When considering certain foods and medications and how they interact with each other, it conjures up images of substances that are harmless on their own, but when mixed together can cause serious reactions — hello, chemistry class of my distant past.
The same holds true with medications we may be taking. It’s not as though we’ll have a visible reaction (usually), but more likely that medications are enhanced, or perhaps even diminished causing sometimes serious trouble beneath the surface.
What’s so threatening about a grapefruit?
It certainly isn’t the food itself — you’ve probably been eating or drinking this fruit your entire life. However, when medical management changes, grapefruit may no longer be welcome in your diet — if you want your medication and your health to be spot-on.
According to the Canadian Medical Association Journal, grapefruit can be a seemingly innocuous, but deadly fruit in your shopping cart, if you’re taking one of 85 different medications — 43 of which can have serious “adverse effects.”
All drugs that interact with grapefruit are taken by mouth; as discovered by researchers, older adults are most likely to be effected by this deleterious interaction.
The FDA’s take
Shiew Mei Huang, acting director of the Food and Drug Administration’s Office of Clinical Pharmacology says: “The interaction can be dangerous.” She explains that the typical reaction with most medications results in “a higher concentration of a drug,” creating more “adverse events.” This process happens when the grapefruit increases the “absorption of the drug into the bloodstream.”
Many medications are broken down in the body with the assistance of an enzyme. This enzyme is blocked by certain characteristics in grapefruit enabling too much of the medication to be present in the body without being broken down.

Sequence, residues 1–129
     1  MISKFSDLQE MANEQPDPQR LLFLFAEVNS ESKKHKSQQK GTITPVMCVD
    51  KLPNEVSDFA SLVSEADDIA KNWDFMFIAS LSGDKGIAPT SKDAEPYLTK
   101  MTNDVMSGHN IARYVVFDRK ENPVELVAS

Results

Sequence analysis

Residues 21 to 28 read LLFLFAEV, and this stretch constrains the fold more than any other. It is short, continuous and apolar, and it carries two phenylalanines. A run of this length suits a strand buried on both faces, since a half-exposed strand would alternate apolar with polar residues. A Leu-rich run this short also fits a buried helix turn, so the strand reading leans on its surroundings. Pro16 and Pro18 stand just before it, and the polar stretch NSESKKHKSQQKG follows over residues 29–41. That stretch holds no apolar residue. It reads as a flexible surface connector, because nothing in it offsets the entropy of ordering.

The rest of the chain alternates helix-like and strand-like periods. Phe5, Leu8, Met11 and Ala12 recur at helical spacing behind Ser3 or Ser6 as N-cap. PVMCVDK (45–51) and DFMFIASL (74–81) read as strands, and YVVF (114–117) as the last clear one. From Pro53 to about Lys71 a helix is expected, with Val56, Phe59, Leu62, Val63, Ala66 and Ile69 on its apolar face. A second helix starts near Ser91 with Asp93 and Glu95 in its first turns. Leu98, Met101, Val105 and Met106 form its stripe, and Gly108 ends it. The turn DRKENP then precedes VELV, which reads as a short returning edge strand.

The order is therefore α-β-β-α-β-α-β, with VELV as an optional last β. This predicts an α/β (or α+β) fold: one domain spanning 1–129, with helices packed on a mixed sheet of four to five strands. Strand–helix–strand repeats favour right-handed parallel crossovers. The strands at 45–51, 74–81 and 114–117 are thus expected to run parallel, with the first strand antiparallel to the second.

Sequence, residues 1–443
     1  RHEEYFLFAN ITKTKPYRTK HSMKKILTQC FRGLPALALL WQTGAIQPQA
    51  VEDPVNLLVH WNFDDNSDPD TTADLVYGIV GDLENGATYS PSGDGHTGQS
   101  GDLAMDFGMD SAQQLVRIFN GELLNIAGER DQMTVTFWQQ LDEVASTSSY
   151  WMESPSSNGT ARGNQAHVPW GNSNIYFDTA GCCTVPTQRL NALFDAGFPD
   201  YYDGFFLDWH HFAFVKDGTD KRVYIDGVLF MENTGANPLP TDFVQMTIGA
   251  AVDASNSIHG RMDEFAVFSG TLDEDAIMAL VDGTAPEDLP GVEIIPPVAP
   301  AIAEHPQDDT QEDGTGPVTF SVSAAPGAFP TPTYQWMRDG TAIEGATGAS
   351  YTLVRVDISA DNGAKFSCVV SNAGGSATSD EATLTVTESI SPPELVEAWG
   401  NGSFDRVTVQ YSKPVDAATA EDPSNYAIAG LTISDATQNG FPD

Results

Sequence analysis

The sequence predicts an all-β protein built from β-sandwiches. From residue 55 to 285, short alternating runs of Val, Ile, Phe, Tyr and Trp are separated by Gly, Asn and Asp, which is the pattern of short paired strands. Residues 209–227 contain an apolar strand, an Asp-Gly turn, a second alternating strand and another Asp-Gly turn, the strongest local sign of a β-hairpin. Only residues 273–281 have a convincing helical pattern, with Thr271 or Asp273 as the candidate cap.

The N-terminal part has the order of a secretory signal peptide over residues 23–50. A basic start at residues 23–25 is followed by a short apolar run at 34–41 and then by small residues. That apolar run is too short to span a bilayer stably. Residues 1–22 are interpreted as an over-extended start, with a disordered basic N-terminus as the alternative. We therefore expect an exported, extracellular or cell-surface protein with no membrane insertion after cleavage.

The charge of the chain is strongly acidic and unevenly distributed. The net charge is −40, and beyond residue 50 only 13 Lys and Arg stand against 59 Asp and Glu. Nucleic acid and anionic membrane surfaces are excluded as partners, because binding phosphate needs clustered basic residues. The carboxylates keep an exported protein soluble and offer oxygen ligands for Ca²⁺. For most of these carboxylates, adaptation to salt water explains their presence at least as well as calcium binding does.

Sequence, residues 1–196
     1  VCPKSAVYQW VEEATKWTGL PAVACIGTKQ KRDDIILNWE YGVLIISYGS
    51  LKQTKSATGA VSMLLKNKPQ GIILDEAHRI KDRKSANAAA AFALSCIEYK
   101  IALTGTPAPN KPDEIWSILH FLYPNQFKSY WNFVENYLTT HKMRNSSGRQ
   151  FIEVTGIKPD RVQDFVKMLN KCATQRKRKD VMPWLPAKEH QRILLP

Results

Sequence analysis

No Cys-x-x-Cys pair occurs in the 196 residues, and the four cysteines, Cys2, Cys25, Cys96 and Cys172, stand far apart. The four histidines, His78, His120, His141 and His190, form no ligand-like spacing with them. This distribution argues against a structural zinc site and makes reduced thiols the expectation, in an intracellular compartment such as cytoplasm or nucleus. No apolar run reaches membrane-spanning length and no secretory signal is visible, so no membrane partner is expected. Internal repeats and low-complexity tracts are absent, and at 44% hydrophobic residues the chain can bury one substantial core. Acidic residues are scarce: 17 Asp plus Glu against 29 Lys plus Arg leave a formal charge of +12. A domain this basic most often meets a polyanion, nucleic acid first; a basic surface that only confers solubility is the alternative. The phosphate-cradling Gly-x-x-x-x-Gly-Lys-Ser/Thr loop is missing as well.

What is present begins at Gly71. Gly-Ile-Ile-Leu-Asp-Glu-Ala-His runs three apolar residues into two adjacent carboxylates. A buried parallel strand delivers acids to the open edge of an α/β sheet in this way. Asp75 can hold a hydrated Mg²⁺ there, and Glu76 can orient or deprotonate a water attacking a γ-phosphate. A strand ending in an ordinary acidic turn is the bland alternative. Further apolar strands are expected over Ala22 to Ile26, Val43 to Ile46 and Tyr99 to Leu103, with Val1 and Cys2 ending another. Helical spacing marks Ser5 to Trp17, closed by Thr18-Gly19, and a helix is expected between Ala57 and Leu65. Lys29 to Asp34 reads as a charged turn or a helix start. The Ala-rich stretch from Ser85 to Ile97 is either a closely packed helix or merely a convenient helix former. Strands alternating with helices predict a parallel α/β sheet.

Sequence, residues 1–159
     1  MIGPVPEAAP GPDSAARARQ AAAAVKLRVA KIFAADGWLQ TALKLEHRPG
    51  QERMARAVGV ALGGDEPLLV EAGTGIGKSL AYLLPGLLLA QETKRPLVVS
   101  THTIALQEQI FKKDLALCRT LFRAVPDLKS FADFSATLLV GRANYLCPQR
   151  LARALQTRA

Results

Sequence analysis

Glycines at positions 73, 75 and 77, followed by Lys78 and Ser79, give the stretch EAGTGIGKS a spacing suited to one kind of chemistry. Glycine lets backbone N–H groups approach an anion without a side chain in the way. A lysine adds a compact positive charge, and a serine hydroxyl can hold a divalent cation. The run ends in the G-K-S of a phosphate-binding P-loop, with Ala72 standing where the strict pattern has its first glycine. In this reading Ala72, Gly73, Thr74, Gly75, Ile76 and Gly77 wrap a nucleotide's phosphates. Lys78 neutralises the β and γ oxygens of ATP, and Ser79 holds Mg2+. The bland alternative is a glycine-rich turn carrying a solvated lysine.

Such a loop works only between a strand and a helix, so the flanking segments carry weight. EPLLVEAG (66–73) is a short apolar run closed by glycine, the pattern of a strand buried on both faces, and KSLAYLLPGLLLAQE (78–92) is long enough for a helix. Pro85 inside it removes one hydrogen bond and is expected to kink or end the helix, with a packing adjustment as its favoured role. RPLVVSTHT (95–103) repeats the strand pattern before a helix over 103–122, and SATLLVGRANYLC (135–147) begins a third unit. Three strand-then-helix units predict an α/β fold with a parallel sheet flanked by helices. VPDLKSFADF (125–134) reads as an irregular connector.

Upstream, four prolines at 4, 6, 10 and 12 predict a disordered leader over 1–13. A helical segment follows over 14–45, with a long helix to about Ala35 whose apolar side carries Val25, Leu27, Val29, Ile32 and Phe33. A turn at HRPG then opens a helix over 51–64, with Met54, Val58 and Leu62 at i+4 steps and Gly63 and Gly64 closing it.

With too much of the drug doing its thing in your body, there’s unintentional consequences such as: muscle breakdown, liver, and/or kidney damage.
The FDA suggests interactions can occur with the following:
• Drugs that lower cholesterol levels such as statins
• Certain blood pressure lowering drugs (antihypertensive medications)
• Certain anti-rejection medications — if you’ve had an organ transplant
• Certain anti-anxiety drugs
• Certain anti-arrhythmia drugs for your heart
• Certain anti-histamine drugs for allergies
Find another fruit
Forget about the vitamin C and potassium in a grapefruit, it can be found elsewhere.
But, here’s a pet peeve of mine as a nurse — when care providers tell people to avoid a type of food, but neglect to tell patients what’s ok to have instead. Patients will unknowingly generalize the certain food to food groups and avoid all fruits for example. This isn’t the intention here —fruits are good, fruits are healthy.
Find another fruit — grapefruit is only one fruit in the entire produce section.
Grapefruit juice won’t wield its unruly hand with every medication of course. Be sure to check in with your pharmacist and your health care provider — they can help you connect the dots between diet and medications.